Only One Submarine in Canada’s Costly Naval Fleet Has Been to Sea in Years: Records

Only One Submarine in Canada’s Costly Naval Fleet Has Been to Sea in Years: Records
The centre block of HMCS Max Bernays is moved from the fabrication building to dockside at the Irving Shipbuilding facility in Halifax on Jan. 22, 2021. (The Canadian Press/Andrew Vaughan)
Amanda Brown

Only one of the vessels in Canada’s expensive submarine fleet has been to sea in recent years. Submarine maintenance and upgrade costs have surpassed $3 billion, records show.

An inquiry tabled in the Commons revealed the Royal Canadian Navy stated that only one vessel, HMCS Windsor, has been at sea since Dec. 1, 2021, as first reported by Blacklock’s Reporter. The submarine was at sea for 43 days last year.

The Windsor flooded while on patrol off the coast of Nova Scotia on Sept. 10. As a result, it had to return to its home port of Halifax. The incident was not included in the inquiry. The Department of National Defence reported that three sailors suffered minor injuries in the incident.

After requesting statistics on the fleet’s performance, Manitoba Conservative MP James Bezan asked how many days each of the Royal Canadian Navy’s Victoria class submarines had spent at sea in the last four years.

One vessel, HMCS Victoria, was last at sea in November 2021. Repairs have been ongoing on two others, the HMCS Chicoutimi and Corner Brook, for several years. According to cabinet, the cost of maintenance contracts from now until 2025 will exceed $3 billion.

“Canada’s four Victoria-class submarines form the core of the Royal Canadian Navy’s underwater surveillance capabilities,” cabinet earlier reported to Parliament. “Covert, well-armed and capable of patrolling vast distances, these submarines provide support to maritime law enforcement in investigating narcotics trafficking, smuggling, and polluting cases, as well as conducting domestic and international operations.”

Sailor shortages were acknowledged by the Canadian Submarine Force. “The force has been impacted by personnel shortages, but remains focused,” cabinet said.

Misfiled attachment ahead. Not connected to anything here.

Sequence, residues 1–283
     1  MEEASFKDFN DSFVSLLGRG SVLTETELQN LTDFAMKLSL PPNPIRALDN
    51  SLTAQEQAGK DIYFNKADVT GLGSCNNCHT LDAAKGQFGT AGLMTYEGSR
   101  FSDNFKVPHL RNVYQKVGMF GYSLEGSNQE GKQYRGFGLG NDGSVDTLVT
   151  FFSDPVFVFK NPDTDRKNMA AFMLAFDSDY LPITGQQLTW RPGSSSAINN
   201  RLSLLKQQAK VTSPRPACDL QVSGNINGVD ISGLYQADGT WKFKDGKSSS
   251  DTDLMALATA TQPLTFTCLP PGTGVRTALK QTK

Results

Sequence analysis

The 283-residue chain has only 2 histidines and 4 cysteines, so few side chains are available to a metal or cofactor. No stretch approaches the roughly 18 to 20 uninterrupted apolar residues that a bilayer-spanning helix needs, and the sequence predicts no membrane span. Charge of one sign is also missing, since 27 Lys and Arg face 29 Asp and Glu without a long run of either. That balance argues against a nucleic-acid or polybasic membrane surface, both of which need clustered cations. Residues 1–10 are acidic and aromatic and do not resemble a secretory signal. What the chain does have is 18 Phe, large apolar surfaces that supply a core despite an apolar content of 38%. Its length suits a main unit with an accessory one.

A 2022 inquiry of ministry stated that the military needs 503 personnel to run the submarine capability.

“From 2019 to 2022, 140 submariners have been recruited. Seventy submariners have successfully completed their basic submarine qualifications, to date,” the inquiry said.

The four secondhand diesel-powered submarines were purchased from the United Kingdom for $750 million in 1995. The subs ranged in age from 15 to 19 years. Some of the vessels needed rapid refits and repairs.

One of the submarines caught fire and killed a crewman. On Oct. 5, 2004, the submarine caught fire in choppy waters off the coast of Ireland when it was making its first voyage to Canada.

Navy Lt. Chris Saunders passed away from smoke inhalation, and two additional crew members suffered serious injuries from toxic gases, CTV News reported.

The submarine program’s overall cost hasn’t yet been revealed.

In a 2020 report, titled “Defence Investment Plan,” then-defence minister Harjit Sajjan estimated that by 2035, the cost of continued maintenance could reach $5 billion.

“The government budgets approximately $325 million per year to conduct regular and cyclical maintenance,” Mr. Sajjan said.

The British supplier and servicing company Babcock International Group has been working with the contractor since 2008 for ongoing repairs.

The Royal Canadian Navy’s (RCN) fleet is made up of numerous classes of ships, submarines, and other support vessels.